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Jeanne Emmons Pt. 2: Siouxland Public Media's Artist of the Month

Jeanne Emmons - The Red Canoe

Jeanne Emmons penned her first poem in kindergarten. Hand-drawn, Crayon colored flowers rimmed the edge of the page. Written to her mother, who kept the note, it said, “You are pretty. Deep, deep pretty.”


She’s been crafting lilting lines of life’s musings ever since. Her fourth collection of poetry, called “The Red Canoe,” is due to come out in August.


“I never really thought I would be a poet, a published poet,” she said. “I just thought I was writing for myself.”


But then, in 1991, the English professor at Briar Cliff University entered a poetry contest through the now-defunct Iowa Woman magazine. She won.


“Suddenly, I thought, ‘Wow, maybe I really can do this.’ Then I began to take myself seriously, joined a writing group and began to write on a regular basis,” she said.


Another source of her growing confidence was a colleague in the English department, Tricia Currans-Sheehan. They formed a writing partnership in which they would critique each other’s work. That’s when Emmons noticed that the other woman took her work seriously, and she encouraged Emmons to do the same.


“Without her, I’m not sure this would have ever happened for me. I began to just believe in myself,” she said. “And sometimes, I think that’s really all it takes for a writer.”


Emmons earned a Ph.D. in English from the University of Texas-Austin in 1977. While there, she met her husband, Adam Frisch. Both were pursuing careers as English and writing professors. Both sent out dozens of resumes, desperately trying to get a job in academia, a feat some of their classmates would never reach.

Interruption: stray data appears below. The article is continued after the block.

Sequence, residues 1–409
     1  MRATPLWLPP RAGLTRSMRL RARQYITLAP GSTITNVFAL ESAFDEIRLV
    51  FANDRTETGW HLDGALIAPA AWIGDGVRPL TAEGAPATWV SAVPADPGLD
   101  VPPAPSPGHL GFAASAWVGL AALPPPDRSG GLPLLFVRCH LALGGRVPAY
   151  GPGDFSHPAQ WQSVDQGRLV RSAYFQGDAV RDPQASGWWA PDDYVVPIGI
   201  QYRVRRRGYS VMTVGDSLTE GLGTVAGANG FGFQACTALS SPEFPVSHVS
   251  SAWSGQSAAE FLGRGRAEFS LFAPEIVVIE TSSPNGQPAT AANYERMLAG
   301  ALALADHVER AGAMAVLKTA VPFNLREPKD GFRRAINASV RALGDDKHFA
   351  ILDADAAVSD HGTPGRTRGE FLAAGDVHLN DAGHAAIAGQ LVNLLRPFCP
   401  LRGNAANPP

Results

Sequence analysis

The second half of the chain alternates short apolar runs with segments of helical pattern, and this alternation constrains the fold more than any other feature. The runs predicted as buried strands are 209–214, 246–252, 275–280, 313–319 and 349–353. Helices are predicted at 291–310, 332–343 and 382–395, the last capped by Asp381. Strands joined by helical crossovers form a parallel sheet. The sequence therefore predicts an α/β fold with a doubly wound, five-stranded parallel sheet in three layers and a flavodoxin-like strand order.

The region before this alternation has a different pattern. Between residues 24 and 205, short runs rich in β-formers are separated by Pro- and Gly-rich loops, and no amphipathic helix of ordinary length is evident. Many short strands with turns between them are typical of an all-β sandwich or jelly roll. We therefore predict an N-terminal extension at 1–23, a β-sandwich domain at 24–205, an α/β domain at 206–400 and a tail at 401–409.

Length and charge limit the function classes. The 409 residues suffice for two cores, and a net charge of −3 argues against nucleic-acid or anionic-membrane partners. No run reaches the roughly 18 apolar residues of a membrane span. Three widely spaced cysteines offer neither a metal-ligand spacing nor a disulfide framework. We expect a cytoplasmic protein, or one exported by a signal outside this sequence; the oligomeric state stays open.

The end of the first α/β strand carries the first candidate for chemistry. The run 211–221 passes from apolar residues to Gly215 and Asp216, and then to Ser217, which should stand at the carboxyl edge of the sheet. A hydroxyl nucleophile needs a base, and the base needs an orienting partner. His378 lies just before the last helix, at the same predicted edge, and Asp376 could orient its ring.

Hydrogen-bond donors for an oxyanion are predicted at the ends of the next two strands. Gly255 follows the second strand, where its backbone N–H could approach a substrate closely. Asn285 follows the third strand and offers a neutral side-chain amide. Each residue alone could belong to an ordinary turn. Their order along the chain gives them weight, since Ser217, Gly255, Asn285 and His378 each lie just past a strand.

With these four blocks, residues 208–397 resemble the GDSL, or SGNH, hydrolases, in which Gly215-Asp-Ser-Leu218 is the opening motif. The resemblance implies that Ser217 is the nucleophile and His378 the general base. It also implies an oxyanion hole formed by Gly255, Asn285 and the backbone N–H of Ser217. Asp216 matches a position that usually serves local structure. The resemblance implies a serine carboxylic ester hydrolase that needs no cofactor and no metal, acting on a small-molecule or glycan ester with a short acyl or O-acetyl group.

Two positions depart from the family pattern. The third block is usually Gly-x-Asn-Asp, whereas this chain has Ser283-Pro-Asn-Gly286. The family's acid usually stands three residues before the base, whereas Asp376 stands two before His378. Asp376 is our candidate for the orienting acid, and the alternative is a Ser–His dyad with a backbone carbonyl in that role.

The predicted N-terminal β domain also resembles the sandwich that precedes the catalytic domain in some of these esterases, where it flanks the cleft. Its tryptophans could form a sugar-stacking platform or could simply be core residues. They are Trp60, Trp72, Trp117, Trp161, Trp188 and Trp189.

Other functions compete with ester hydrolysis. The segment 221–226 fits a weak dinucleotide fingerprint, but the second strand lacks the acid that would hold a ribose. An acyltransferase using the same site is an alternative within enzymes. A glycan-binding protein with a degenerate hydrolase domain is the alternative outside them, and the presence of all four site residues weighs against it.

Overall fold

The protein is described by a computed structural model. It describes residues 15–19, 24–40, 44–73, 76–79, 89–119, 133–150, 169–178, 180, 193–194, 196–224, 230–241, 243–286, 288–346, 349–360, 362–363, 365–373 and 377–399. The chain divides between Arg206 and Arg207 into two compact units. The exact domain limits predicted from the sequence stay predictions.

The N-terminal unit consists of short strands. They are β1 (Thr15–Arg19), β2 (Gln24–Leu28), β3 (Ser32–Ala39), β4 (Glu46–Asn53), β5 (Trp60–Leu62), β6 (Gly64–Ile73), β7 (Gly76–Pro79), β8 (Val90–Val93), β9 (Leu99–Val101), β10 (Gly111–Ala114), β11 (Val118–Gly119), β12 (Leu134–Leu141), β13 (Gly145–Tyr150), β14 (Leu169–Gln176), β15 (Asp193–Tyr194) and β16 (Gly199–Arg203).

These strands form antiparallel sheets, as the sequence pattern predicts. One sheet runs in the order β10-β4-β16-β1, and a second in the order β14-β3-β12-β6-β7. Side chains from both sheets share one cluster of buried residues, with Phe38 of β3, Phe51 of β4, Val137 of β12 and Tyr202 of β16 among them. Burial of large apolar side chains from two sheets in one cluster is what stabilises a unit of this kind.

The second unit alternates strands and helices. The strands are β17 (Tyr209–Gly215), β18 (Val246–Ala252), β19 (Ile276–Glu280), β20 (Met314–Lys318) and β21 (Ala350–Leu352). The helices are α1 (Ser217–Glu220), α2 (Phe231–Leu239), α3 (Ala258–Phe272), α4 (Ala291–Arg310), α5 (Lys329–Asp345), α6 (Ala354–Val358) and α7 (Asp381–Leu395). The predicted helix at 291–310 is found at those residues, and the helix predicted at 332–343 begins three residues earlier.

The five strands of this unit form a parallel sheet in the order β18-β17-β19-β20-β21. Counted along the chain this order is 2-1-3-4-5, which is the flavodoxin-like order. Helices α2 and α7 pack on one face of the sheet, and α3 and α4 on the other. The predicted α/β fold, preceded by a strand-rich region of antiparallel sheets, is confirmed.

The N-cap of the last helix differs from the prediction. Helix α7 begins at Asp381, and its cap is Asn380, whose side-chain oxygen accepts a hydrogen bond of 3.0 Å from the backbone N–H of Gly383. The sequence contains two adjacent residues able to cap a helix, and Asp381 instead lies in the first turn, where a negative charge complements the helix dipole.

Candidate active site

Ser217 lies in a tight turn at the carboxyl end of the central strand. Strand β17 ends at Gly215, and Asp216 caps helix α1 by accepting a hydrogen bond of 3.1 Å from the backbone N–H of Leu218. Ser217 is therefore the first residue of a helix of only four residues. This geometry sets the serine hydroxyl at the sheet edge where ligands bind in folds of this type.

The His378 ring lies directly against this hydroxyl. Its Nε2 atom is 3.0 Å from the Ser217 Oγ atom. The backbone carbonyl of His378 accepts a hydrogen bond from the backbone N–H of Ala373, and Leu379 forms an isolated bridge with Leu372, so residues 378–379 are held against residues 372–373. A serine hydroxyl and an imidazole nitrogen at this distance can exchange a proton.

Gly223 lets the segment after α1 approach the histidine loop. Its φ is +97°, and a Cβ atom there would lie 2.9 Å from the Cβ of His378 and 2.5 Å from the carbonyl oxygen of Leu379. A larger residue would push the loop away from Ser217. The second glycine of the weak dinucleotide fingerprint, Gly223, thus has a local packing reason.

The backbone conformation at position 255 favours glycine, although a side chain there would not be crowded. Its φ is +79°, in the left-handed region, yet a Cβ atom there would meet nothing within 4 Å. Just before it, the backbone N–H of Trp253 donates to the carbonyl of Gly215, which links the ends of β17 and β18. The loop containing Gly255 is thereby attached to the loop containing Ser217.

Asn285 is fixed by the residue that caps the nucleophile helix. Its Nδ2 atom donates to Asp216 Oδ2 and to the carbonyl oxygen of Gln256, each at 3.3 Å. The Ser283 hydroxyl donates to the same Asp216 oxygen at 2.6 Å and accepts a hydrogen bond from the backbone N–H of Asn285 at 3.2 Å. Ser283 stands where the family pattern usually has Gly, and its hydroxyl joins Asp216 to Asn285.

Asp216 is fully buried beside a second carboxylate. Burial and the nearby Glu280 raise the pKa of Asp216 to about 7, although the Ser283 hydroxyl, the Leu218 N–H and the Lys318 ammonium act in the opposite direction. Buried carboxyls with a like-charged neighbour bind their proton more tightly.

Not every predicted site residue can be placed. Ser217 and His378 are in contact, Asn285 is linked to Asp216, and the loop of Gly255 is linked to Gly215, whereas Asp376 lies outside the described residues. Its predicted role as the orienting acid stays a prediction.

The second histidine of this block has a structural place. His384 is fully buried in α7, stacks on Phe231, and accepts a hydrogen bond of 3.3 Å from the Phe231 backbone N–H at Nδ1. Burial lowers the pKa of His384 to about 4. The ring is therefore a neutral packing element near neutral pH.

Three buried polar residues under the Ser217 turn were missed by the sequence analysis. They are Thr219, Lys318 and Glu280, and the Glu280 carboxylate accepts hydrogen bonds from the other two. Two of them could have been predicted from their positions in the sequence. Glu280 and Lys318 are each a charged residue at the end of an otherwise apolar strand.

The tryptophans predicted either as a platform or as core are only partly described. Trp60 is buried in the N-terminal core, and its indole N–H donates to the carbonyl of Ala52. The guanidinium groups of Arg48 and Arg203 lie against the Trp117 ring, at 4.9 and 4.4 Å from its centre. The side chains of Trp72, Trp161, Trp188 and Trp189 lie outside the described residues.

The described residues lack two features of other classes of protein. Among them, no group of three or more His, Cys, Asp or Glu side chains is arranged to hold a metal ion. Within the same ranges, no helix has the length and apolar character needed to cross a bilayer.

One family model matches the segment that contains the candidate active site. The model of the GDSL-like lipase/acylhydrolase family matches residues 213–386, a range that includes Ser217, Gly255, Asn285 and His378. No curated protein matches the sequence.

They agreed to go wherever the first person got a job and the the other might have a hope of getting one. That was Sioux City.


Frisch accepted an offer from Briar Cliff University, and within a couple years, Emmons was working there too.


They planned to stay five years, but that turned into more than 30. During that time, their offices were down the hall from each other.


“It wasn’t so much that we brought home to work—although, our colleagues might’ve said differently in department meetings or something—but that we brought work home," she said. "And we did.”


They knew other married couples who worked at Briar Cliff, and they had a rule not to talk about work at home.


“Adam and I didn’t have that rule,” she said. “We vented to each other. Talked to each other. That has been one of the great gifts of our marriage. We understand what the other is going through. We get it. And we can talk about literature and poetry and fiction. It’s been great.”


Emmons, who retired from teaching three years ago, loves language and the way words roll off the tongue. She compares her reaction to that of Dylan Thomas who loved the rhythms of nursery rhymes. As a child, he didn’t know always know what the words meant, but he liked the sounds.


The way words sound when they’re put together is fundamental her poetry.


For Emmons, writing takes on a meditative quality. Her poetry makes her pay attention to life. It makes her slow down and sink deeper and deeper into the sweetness found in simple, fleeting moments.